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16/93. Internal to external carotid artery transposition to repair recurrent stenosis after carotid artery stenting.

    Recently, carotid artery stenting (CAS) has emerged as a treatment option for carotid artery stenosis. Since the procedure is new, management of its complications is not standardized. This case report describes one method of arterial reconstruction after failed CAS. A 64-year-old male underwent CAS of his right internal carotid artery (ICA) for an asymptomatic 65% stenosis. Seven months later the stented area had narrowed to 95%. Arteriography revealed that the common and external carotid arteries (ECA) were free of disease so we elected to perform a transposition of the distal ICA onto the proximal ECA. The ECA and its branches were completely mobilized and the ascending pharyngeal and lingual arteries divided. The ICA was divided distal to the stent. Transection of the occipital artery provided an arteriotomy for an end ICA to side ECA anastamosis, thus preserving ECA flow. Postoperative surveillance after 8 months has revealed no recurrent stenosis. Operative repair of restenosis after CAS may be challenging if standard endarterectomy is not possible. Other options for reconstruction are feasible but if the common and external carotid arteries are disease-free, an ICA to ECA transposition provides a simple all-arterial repair that avoids bypass and prosthetic material.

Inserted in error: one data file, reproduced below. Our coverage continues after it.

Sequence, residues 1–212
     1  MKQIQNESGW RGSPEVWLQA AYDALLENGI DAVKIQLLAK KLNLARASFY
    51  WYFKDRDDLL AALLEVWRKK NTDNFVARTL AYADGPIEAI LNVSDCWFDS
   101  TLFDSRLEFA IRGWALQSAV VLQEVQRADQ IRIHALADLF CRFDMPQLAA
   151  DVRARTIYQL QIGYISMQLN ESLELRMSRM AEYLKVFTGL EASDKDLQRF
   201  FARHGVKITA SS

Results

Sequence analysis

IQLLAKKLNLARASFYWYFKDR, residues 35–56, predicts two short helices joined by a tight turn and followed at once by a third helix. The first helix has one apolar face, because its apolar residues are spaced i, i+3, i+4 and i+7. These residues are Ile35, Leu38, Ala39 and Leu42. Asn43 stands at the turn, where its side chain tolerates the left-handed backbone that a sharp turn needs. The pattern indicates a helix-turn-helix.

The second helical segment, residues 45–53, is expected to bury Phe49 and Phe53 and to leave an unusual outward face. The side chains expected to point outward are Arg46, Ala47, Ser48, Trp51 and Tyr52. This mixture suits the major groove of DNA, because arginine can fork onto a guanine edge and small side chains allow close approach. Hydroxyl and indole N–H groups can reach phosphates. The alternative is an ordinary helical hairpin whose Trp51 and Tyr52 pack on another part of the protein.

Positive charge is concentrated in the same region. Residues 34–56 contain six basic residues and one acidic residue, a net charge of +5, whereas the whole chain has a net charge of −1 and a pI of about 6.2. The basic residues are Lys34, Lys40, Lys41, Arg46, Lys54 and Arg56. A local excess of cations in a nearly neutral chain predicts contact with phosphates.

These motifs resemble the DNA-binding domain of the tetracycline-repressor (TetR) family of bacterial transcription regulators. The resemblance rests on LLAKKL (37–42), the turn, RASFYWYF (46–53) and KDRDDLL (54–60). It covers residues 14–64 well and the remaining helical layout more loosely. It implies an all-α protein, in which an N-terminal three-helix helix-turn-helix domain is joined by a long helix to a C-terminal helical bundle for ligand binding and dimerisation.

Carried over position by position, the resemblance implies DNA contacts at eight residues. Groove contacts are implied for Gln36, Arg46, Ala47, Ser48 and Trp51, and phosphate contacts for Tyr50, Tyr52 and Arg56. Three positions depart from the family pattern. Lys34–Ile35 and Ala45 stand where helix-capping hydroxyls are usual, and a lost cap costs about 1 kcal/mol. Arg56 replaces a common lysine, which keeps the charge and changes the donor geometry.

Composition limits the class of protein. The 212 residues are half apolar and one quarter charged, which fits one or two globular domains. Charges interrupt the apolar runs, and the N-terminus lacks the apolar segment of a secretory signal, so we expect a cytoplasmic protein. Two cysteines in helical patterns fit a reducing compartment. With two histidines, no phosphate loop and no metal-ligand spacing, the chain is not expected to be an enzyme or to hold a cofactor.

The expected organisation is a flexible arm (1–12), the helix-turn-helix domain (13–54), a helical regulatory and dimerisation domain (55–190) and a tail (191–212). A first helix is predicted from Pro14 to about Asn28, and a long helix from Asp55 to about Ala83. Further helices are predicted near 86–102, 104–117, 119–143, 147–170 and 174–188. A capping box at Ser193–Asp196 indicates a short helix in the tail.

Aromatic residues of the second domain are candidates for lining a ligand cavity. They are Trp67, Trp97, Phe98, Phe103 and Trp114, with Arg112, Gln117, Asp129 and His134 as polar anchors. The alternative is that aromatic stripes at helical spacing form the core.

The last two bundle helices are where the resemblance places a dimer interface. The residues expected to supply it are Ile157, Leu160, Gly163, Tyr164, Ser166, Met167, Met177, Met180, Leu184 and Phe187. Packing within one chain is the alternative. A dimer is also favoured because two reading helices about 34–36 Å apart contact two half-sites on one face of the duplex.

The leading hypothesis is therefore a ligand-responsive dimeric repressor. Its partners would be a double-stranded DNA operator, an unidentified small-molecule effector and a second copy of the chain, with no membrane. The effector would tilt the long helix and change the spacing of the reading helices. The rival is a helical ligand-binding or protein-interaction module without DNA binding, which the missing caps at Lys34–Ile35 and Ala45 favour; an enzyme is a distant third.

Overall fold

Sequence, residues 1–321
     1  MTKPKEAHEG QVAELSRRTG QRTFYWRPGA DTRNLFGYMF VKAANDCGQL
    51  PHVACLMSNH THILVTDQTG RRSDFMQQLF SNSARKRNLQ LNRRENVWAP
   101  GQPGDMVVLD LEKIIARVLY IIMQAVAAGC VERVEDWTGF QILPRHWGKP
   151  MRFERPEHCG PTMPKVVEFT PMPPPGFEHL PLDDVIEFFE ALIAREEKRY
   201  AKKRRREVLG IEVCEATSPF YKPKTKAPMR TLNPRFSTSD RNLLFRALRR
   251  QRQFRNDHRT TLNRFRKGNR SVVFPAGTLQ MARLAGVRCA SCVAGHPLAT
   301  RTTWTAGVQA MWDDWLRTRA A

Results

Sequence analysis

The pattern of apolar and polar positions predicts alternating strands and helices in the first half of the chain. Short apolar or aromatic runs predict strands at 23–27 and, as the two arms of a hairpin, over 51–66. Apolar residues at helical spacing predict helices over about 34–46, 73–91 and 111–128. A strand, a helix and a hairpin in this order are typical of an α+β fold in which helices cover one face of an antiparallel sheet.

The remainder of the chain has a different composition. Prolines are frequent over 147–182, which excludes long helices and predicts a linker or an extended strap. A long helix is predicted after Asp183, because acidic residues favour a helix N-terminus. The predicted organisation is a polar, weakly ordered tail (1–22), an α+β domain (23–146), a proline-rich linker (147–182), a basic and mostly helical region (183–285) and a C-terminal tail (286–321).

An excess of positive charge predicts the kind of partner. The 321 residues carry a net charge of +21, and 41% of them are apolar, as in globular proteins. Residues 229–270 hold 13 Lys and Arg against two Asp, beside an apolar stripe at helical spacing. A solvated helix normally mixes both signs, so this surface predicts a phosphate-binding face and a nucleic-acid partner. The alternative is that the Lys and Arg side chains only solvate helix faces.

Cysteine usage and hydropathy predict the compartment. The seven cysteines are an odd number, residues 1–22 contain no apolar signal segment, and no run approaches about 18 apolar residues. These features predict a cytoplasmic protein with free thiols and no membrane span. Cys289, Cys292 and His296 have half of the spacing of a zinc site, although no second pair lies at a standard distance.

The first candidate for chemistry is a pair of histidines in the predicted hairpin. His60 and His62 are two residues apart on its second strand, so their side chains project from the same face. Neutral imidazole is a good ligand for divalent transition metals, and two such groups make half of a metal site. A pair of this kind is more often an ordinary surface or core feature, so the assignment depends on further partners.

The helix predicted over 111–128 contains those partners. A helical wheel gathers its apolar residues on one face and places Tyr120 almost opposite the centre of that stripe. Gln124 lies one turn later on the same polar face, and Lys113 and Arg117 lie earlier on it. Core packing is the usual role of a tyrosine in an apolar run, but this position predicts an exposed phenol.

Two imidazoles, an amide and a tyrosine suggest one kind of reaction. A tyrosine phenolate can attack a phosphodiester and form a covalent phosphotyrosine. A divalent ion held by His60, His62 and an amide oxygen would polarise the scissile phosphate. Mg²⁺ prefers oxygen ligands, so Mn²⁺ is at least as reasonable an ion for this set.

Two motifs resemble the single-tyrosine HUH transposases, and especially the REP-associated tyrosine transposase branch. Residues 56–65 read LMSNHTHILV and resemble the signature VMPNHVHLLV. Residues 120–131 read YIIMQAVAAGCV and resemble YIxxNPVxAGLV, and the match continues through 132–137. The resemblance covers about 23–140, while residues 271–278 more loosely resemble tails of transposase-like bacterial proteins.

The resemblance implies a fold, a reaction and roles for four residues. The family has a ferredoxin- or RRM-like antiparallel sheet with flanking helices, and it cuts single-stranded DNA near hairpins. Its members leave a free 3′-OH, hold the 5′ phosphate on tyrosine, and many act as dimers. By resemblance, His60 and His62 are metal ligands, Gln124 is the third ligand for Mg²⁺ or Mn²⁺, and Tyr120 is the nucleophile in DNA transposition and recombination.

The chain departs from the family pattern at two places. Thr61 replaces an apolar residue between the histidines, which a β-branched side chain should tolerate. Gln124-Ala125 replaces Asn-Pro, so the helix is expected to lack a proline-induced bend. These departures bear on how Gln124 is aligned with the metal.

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17/93. coronary artery bypass grafting in a patient with brainstem ischemia.

    We describe a 54-year-old male with severe coronary artery disease and cerebrovascular disease including right cerebellar infarction, total occlusion of the bilateral vertebral arteries, brainstem ischemia, and right cerebral infarction with significant right carotid artery disease. Repeated percutaneous transluminal coronary angioplasty had been performed, however, unstable angina was developed despite maximal medical treatment. coronary artery bypass grafting was successfully undergone with use of propofol, application of the intra-aortic balloon pumping perioperatively, and mild hypothermic cardiopulmonary bypass with alpha-stat blood gas management. The importance of preoperative evaluation of the intracranial circulation and management of cardiopulmonary bypass are discussed.
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18/93. Visual loss after coronary artery bypass surgery.